Today is my day off from running.
My alarm clock rings at 7 a.m. (hell yeah, sleeping in!) and instead of going straight to work I decide a surfing pit stop is necessary to get the day off to a good start.
I meet my buddy JB as the beach ramp opens at 8 a.m. The inlet is already crowded at New Smyrna Beach. We paddle out. The ocean is as glassy as an oil slick with the sun glaring intensely off the surface. The choice waves at the best spot are about chest high, but there is a strange vibe in the water today. It's not negative, just strange. JB feels it too. The normal crowd is not out. We paddle south to another sand bar that is a little shallower in hopes of picking up some longer lines to surf. After an hour I'm just not feeling it and I tell JB I'm headed in to go to work.
Drying off at my truck, I decide to cruise down to the jetty and climb up on the rocks in the hopes of getting a few decent or amusing pictures of the short boarders aggressively dropping in on each other at the most crowded and peaky spot. It's something I've been meaning to do for a while and today is perfect since it's right around the full moon high tide. The water is high and I'm able to get out far enough on the rocks to be shooting down the line at the surfer for a different perspective than the usual direct from the beach shot.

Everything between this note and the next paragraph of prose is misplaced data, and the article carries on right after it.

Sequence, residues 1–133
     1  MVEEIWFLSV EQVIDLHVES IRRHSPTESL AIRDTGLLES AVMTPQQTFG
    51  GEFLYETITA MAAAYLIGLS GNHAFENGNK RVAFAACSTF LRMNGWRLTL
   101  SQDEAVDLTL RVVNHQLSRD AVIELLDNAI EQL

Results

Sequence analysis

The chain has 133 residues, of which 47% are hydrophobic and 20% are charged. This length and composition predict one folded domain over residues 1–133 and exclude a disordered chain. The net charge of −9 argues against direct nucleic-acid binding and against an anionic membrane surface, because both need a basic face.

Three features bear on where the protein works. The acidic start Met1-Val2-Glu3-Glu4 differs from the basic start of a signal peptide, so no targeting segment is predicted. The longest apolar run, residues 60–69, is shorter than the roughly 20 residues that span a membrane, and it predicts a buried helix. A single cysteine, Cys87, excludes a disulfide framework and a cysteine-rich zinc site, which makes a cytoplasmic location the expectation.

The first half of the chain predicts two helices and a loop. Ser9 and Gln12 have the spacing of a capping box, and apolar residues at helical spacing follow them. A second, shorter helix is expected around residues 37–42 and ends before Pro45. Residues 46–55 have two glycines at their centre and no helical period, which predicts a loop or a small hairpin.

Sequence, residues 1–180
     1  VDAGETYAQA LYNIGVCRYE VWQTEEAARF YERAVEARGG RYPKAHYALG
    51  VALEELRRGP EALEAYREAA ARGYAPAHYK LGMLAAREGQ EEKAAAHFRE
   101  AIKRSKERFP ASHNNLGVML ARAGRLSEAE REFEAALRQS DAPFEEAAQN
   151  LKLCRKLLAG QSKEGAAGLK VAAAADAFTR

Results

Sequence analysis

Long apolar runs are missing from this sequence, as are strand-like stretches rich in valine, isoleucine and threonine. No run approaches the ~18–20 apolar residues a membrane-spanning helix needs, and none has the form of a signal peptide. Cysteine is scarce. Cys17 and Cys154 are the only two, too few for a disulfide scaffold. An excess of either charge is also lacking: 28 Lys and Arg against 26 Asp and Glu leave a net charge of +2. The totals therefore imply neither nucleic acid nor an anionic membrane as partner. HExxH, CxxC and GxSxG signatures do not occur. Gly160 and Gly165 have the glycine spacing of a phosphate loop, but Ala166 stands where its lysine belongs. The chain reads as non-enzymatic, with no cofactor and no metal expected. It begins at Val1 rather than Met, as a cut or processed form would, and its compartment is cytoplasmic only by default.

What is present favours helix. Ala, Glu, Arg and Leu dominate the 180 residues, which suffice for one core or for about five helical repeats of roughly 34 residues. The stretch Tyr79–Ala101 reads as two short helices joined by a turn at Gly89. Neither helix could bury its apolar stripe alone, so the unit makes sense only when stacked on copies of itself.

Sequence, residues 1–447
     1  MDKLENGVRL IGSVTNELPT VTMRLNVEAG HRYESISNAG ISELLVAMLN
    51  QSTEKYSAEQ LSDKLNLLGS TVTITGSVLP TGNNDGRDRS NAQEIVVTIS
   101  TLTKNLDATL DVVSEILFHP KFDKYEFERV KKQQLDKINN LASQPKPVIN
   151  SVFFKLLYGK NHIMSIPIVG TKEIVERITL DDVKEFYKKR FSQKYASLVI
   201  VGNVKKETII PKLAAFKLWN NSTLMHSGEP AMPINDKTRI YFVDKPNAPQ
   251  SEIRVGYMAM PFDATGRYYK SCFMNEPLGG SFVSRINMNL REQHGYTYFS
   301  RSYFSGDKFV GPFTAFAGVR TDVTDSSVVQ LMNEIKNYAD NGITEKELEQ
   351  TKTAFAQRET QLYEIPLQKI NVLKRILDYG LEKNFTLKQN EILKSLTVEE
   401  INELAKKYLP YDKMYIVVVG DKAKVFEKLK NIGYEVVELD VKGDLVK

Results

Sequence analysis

Immediately I notice Austin, a local college student who works part time at a surf shop, sitting on his long board INSIDE the inlet completely alone. Earlier I saw him paddle north, away from the pack and wondered where the hell he was heading since it looked as if he was going out to sea. He's a phenomenal longboarder and when I see him I know what's up. New Smyrna Inlet rarely breaks on the inside where the boats come and go from. The swell has to be from the right direction and the tide has to be high enough. Right now there are both! I take a few pictures and then notice a local pharmacist that's another amazing longboarder along with his wife a couple of their daughters paddling out. I'm getting some really great pictures of all of them and starting to muster up some energy to join them when JB climbs up the rocks behind me. He's also wondered down the beach and found me. It's on! We grab our boards and join the fun.
It's a super fun vibe now as there are only eight of us with the entire inside of the inlet to ourselves. Only 100 feet away on the other side of the rocks lie about 200 guys on short boards snaking each other, fighting and dropping in on each other for a wave that's not nearly as clean and long as the one we are surfing. Stoked out of my mind I ride wave after wave with these wonderful people. The vibe in the water is everything! The rides are long... nearly the length of a football field and they all begin at one point near the rocks and peel off to the right toward the Intracoastal Waterway. Point Break at New Smyrna Beach??? You bet!
After a half hour the tide starts pushing out and the wind picks up out of the south. That oil slick glass turns into a slightly bumpy texture and the consistency of the wave deteriorates. The fun is over, but I'm stoked for the rest of the work day!